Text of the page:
This all started when a disk I use for archiving some data suddenly didn't mount anymore.

When I tried with terminal, is said: "The filesystem size (acording to the superblock) is 732566128 blocks The physical size of the device is 732565864 blocks Either the superblock or the partition table is likely to be corrupt!"

When I try to mount it with the Gnome-Disk-Utility, I got this error: "Error mounting /dev/dm-6 at /media/user1/3PAB: Command-line `mount -t "ext3" -o "uhelper=udisks2,nodev,nosuid" "/dev/dm-6" "/media/user1/3PAB"' exited with non-zero exit status 32: mount: wrong fs type, bad option, bad superblock on /dev/mapper/luks-c4ebeef5-7537-417e-b63b-fedc99561677, missing codepage or helper program, or other error

In some cases useful info is found in syslog - try dmesg | tail or so. (udisks-error-quark, 0)"

Also, syslog gave me this: "Dec 12 15:12:44 d8d kernel: [ 47.862779] EXT4-fs (dm-6): mounting ext3 file system using the ext4 subsystem Dec 12 15:12:44 d8d kernel: [ 47.863025] EXT4-fs (dm-6): bad geometry: block count 732566128 exceeds size of device (732565864 blocks)"

I don't understand why it says "mounting ext3 file system using the ext4 subsystem", when I know it's ext3 and "lsblk -f" confirms it. Although fdisk states "Microsoft basic data" but I already searched google and know this is a bug.

I've tried "fsck" and "fsck -f" more than once both, but no luck.

When I bought this disk, I actually bought two units (same size, same brand, etc), and formatted both the same exact way, and encrypted both of them with LUKS also the same.

Only the data I put into each of them was different.

So, after googling for some time, I ran this commands in both disks so I could see the differences and save all the results into txt files in case to be needed: sfdisk -luS /dev/sdg fdisk -l /dev/sdg tune2fs -l /dev/mapper/PAB

As a result, I found that the superblock size was correct, so I concluded the partition of the first disk misteriously changed to some blocks early thus creating this situation.

Device Start End Sectors /dev/sdb1 2048 5860533134 5860531087 (correct; disk 2) /dev/sdg1 2048 5860531021 5860528974 (incorrect; disk 1)

So, I thought I could solve this by manually creating a new partition table using parted and set the end at the correct sector.

I did that, but now the new partition isn't recognized as a LUKS partition. And in order not to make things worse than they are, I made this help request.

Is it possible to recover the data?

/dev/sdg: LBA, HPA, LBA48, DCO support
/dev/sdg: size 5860531055 sectors
/dev/sdg: user_max 5860531055 sectors
/dev/sdg: native_max 5860533168 sectors
/dev/sdg: dco 5860533168 sectors
Using locale 'en_US.UTF-8'.

Wed Dec 14 01:02:53 2016
Command line: TestDisk /debug /log /dev/sdg

TestDisk 6.14, Data Recovery Utility, July 2013
OS: Linux, kernel 3.16.0-4-amd64 (#1 SMP Debian 3.16.36-1+deb8u2 (2016-10-19)) x86_64
Compiler: GCC 4.9
Compilation date: 2014-10-19T15:35:24
ext2fs lib: 1.42.12, ntfs lib: libntfs-3g, reiserfs lib: none, ewf lib: none
Hard disk list
Disk /dev/sdg - 3000 GB / 2794 GiB - CHS 364801 255 63, sector size=512 - ST3000DM001-1CH166, S/N:Z1F0R2CP, FW:CC43
/dev/sdg: Host Protected Area (HPA) present.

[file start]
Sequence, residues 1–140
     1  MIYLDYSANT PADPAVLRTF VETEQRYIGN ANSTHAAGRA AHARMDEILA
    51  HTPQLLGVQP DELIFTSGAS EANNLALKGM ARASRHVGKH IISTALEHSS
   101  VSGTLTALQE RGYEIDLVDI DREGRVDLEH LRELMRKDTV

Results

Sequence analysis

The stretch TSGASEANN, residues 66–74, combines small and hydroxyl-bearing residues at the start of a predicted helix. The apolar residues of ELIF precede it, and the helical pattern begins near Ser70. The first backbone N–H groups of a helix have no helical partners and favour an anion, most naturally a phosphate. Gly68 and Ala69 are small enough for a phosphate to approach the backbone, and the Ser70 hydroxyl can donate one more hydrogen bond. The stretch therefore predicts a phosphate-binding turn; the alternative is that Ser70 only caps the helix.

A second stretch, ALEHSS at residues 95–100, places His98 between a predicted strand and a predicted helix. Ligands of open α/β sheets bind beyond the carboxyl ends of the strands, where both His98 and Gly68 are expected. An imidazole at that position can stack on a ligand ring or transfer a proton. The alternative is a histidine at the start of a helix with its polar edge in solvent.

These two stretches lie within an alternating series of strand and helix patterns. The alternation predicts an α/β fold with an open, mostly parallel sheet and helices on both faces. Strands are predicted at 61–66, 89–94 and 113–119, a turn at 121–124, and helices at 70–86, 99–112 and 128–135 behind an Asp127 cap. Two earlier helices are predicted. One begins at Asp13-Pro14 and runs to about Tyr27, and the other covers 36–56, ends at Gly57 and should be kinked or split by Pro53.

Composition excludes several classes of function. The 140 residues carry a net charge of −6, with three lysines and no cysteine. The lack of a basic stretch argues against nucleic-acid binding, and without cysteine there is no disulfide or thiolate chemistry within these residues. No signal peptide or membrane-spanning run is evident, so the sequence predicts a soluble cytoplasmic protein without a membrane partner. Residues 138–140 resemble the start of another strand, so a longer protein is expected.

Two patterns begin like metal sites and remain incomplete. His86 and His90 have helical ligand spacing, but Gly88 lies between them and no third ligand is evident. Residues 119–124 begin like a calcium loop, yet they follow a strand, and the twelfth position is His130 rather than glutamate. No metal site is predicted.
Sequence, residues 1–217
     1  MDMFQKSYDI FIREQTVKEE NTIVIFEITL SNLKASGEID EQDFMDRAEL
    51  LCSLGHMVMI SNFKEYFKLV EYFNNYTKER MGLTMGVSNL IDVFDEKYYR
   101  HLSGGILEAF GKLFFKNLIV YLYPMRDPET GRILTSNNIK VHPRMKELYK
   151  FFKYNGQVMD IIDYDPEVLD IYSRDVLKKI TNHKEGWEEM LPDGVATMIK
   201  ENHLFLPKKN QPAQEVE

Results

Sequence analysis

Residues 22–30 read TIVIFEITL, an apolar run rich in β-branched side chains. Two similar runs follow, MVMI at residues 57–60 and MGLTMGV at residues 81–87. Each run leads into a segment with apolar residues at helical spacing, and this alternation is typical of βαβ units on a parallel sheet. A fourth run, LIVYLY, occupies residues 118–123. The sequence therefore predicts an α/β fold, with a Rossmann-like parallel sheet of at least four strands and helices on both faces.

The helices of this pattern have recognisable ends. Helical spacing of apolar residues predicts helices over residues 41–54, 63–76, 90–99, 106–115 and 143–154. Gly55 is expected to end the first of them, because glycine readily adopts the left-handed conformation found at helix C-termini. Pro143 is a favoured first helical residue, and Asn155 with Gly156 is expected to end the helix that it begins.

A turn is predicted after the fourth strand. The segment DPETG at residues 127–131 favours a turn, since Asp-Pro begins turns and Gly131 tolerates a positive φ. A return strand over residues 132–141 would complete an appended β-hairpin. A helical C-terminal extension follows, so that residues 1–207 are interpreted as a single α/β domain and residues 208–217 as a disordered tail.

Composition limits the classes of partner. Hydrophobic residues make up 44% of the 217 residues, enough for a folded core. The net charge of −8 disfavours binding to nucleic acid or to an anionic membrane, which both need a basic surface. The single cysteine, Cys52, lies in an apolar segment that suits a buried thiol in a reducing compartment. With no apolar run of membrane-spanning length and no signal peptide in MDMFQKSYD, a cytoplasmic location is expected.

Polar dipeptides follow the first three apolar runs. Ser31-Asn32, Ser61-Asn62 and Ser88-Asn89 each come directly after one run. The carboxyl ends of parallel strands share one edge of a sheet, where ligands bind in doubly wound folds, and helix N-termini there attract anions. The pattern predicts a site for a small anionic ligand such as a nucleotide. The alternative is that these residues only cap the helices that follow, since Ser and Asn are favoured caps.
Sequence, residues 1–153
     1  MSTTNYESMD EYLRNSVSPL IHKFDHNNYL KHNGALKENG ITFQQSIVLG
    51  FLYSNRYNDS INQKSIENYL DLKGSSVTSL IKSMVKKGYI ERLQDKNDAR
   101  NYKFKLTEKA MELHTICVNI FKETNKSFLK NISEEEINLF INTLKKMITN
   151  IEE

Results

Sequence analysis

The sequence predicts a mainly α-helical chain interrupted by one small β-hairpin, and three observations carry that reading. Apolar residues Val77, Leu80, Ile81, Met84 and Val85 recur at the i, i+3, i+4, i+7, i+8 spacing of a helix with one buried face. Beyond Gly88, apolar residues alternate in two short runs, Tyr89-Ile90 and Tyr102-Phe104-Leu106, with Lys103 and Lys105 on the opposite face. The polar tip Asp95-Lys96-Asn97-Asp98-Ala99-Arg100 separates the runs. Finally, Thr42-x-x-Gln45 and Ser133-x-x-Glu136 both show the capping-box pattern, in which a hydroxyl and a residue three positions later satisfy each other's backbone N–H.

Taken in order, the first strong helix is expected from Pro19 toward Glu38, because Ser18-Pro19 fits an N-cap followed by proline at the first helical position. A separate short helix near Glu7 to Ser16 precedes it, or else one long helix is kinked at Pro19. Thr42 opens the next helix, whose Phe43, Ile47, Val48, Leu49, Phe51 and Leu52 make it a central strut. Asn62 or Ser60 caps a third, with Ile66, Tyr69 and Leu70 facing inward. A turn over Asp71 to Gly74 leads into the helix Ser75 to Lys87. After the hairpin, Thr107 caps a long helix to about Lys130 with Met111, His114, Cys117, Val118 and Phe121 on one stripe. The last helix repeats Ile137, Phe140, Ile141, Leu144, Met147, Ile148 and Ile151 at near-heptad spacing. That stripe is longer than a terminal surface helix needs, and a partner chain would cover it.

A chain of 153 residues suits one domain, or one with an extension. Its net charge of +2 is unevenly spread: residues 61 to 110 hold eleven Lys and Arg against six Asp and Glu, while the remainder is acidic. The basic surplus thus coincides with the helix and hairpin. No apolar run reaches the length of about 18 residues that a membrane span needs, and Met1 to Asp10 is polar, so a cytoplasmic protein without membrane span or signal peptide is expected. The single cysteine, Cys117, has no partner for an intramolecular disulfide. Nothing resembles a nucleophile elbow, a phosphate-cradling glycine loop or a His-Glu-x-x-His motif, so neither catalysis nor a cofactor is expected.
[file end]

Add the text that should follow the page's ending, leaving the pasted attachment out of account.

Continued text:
Partition table type (auto): EFI GPT
Disk /dev/sdg - 3000 GB / 2794 GiB - ST3000DM001-1CH166
Partition table type: EFI GPT
Analyse Disk /dev/sdg - 3000 GB / 2794 GiB - CHS 364801 255 63
hdr_lba_alt=5860531054 (expected 5860531054)
Current partition structure:
1 P Unknown 2048 5860531021 5860528974 [PABnew]

  • Just a comment on why it says "mounting ext3 file system using the ext4 subsystem": the term subsystem refers to the body of code implementing the driver for the file system. The kernel used to have a separate ext3 subsystem, but since the ext4 subsystem can also handle ext3 file systems, it was removed and now the ext4 susbystem is responsible for both file systems. Commented Dec 13, 2016 at 19:36
  • Can somebody at least give some advice? Commented Dec 15, 2016 at 22:23
  • Can somebody at least give some advice? Commented Dec 17, 2016 at 11:39
  • I think unfortunately there's no solution Commented Dec 18, 2016 at 16:15

1 Answer 1


I've found the cause of this in here:



"I suspect you motherboard set a HPA - that's what some gigabyte motherboard tend to do (or used to, at least, someone convinved me a while ago this should no longer happen"

"max sectors = 5860531055/5860533168, HPA is enabled" "what happened is that Gigabyte boards have a feature to backup the BIOS to the end of the primary HDD"

"It used to be buggy on some boards"

I still can't believe how on earth a fckng motherboard does this!!!!

I'm mad as hell and posting this in case anyone has the same problem!

I'll never again buy a Gigabyte motherboard in my life! Never!!!

  • Read also this link, for more info on HDA and why it is a curse: forums.lime-technology.com/topic/… Commented Sep 4, 2017 at 18:57
  • For anyone facing a similar problem, don't make a partiton and at the same time create a filesystem like I did (mkpart primary ext3 2048s -1s). This parted command is fine in normal conditions, but not in this cenario I had. At most, I should have created an empty partition, not a filesystem, in order to preserve the LUKS header. You can read the rest of the this story here: linuxquestions.org/questions/… Commented Sep 6, 2017 at 9:29
  • Now I know the solution for this situation was quite simple: 1st step - check if HPA is enabled: hdparm -N /dev/sdx /dev/sdx: max sectors = 78125000/78165360, HPA is enabled 2nd step - remove the HPA: hdparm -N p"max number of sectors" /dev/sdx example: hdparm -N p78165360 /dev/sdx 78165360 = denominator from fraction above done restart credits: superuser.com/questions/642637/… see also DCO Commented Jun 1, 2018 at 11:34

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